Saturday, December 20, 2014

Poem: My sister’s grave today is elegant and bare

My sister’s grave today is elegant and bare

Bereft ev’n of that stone which pressed her coffin down

And had a little space to hold such poor tribute

As I could bring on my rare visits to the site.

Then I could only lay it down upon the ground

below which rest her bones and hair, for little else

defies this mortal world till He come round who will

Renew the world and us, we’re told. My years fade too,

And I confront the thought that I may never pass

this way again, at least in flesh; the more regret

that this last time perhaps, though I speak here with God

As I am wont to do, I could not bring with me

that least of tokens on her day of birth: a rose.


I used to find travel both exciting and attractive – I suppose because it is associated with childhood visits to the mountains each summer holiday as long as my father was alive. After that, the family could barely survive till I and my siblings started working, and even then could only rarely afford the time and money for holidays. I still find it difficult to initiate holidays. Moreover, after one has been whirled around the world several times on that purposeful but rushed and joyless routine called business travel, I guess expeditions lose their charms. Perhaps age has something to do with it. At least, it is so for me.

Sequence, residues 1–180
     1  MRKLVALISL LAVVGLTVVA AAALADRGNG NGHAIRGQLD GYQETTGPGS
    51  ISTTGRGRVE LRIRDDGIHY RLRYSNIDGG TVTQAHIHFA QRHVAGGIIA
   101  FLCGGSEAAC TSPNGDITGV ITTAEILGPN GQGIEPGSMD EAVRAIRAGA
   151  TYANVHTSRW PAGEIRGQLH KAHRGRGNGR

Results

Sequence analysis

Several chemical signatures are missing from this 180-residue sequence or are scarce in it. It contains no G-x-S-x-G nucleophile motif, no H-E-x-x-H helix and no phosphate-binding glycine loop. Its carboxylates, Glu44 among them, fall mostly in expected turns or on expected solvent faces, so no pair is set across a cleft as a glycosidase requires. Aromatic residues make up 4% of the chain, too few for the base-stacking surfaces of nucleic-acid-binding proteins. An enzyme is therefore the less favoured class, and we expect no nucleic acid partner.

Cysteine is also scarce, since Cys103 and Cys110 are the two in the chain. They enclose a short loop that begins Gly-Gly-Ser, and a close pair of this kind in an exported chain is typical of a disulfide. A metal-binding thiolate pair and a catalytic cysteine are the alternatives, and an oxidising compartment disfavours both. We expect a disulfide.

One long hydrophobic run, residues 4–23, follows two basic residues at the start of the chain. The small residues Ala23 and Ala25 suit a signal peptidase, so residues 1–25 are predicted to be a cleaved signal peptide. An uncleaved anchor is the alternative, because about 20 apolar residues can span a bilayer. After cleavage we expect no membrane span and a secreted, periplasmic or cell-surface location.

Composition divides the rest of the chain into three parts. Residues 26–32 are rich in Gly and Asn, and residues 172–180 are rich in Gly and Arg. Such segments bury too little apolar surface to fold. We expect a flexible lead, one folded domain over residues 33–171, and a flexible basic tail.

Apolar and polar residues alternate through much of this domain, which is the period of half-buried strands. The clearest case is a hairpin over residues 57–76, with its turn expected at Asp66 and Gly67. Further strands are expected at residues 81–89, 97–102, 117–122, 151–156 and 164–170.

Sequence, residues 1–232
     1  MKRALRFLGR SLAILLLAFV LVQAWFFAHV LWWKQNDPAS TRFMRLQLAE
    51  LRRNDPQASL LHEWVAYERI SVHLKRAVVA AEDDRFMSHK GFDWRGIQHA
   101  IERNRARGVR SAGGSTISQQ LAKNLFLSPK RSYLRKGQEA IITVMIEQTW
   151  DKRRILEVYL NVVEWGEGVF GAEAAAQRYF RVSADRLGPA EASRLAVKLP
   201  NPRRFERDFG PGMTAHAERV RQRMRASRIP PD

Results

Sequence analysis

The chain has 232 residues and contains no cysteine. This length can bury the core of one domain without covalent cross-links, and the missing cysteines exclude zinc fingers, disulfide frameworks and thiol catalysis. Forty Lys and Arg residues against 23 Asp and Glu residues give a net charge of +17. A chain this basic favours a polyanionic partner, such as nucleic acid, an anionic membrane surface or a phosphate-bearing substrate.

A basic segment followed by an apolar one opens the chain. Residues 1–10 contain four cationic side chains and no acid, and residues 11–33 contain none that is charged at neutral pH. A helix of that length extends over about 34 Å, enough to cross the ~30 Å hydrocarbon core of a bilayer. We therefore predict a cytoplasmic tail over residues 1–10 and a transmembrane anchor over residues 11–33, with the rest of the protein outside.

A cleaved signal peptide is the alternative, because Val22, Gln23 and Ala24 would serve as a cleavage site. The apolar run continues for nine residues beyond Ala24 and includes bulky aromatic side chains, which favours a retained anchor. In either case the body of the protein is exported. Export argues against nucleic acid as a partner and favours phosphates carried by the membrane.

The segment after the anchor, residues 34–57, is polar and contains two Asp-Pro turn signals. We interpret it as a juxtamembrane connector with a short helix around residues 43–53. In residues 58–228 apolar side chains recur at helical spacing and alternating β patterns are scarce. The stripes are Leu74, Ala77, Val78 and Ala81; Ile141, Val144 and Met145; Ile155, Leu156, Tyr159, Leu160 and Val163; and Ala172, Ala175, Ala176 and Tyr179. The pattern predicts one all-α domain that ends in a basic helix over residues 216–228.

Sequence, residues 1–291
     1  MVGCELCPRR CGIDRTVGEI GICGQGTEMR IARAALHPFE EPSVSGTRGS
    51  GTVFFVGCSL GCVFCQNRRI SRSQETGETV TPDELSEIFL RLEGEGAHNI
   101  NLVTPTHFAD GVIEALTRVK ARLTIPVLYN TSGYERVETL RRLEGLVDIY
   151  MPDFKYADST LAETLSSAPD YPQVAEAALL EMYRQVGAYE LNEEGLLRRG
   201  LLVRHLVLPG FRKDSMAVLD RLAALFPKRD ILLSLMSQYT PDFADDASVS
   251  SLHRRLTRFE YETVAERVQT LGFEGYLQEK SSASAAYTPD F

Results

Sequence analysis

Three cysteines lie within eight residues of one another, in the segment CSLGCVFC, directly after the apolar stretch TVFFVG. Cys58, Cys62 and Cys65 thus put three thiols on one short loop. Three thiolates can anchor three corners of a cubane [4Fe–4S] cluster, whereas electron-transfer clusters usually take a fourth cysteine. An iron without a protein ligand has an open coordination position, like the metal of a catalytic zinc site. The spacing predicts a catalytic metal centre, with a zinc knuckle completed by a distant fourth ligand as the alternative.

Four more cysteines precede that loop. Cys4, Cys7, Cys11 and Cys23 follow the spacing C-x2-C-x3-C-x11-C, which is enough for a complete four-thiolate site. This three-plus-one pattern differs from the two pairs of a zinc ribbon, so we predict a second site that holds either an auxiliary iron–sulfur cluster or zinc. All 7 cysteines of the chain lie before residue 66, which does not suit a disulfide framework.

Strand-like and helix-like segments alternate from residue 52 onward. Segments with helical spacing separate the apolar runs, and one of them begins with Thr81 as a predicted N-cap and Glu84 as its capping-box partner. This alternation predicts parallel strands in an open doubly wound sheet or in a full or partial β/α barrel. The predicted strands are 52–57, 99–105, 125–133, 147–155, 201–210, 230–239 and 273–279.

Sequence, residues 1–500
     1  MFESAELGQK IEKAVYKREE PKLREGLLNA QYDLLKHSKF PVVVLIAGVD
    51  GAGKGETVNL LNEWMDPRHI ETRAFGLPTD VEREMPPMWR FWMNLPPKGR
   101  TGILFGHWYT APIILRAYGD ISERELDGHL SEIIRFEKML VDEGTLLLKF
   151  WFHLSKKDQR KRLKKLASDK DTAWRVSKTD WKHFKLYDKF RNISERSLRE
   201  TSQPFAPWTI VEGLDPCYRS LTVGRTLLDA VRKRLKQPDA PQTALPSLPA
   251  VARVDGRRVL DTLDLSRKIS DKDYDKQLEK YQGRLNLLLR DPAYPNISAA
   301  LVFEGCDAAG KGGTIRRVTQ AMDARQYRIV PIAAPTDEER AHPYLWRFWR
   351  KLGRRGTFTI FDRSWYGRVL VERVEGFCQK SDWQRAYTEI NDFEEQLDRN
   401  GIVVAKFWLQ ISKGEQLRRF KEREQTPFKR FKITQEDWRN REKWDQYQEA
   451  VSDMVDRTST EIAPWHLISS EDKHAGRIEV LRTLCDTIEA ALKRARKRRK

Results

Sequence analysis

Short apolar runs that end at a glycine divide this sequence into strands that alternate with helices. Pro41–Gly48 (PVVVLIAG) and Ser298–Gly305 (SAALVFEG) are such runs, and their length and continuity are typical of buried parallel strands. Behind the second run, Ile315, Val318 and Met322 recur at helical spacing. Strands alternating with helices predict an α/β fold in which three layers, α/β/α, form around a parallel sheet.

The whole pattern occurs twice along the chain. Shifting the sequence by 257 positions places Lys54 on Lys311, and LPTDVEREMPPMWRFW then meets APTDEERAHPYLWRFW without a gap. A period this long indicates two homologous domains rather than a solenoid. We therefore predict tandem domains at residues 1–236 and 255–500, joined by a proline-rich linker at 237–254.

In any case, after my sister was killed, I have visited DC only on the rare occasions when business paid for the travel that brought me to town. However, whenever I come to DC, I always visit her grave, bringing with me a single rose.

On my sister’s grave, near the headstone, the gravestone had a little depression, less than half the depth and size of the digit of a little finger. I used to cut the stem of a rose to that tiny dimension, and leave it resting there, on each visit - as long as the gravestone was there.

For reasons best known to the authorities at the Arlington National Cemetery, they remove, some time after the burial, each gravestone, leaving only the headstone to mark each place of burial.

As all the headstones are of a precise height and shape, the effect is to render the entire Cemetery geometric and coldly symmetrical. It is difficult to find a particular grave even after you have been to it several times. You need to know the row and serial number which make it possible to locate any particular grave.

When the gravestone was no longer there, I used to leave my rose on the ground just near the spot where the headstone emerged from the ground.

In 2014, when I was 65 years of age and starting both to confront the relative nearness of my own mortality as well as the fact that that business would perhaps no longer pay to bring me to DC, I found myself in the city again at relatively short notice and, for the very first time since her death, the visit was not only in December but also on the second of the month.

As it turned out, my schedule was too full, so I could neither visit her grave on her birthday (which is on the third) nor even bring with me what I had till then always brought on each visit: a rose.

It is all those regrets and sadnesses and uniformities that stain the hope that marks this poem.

ENDS Sphere: Related Content

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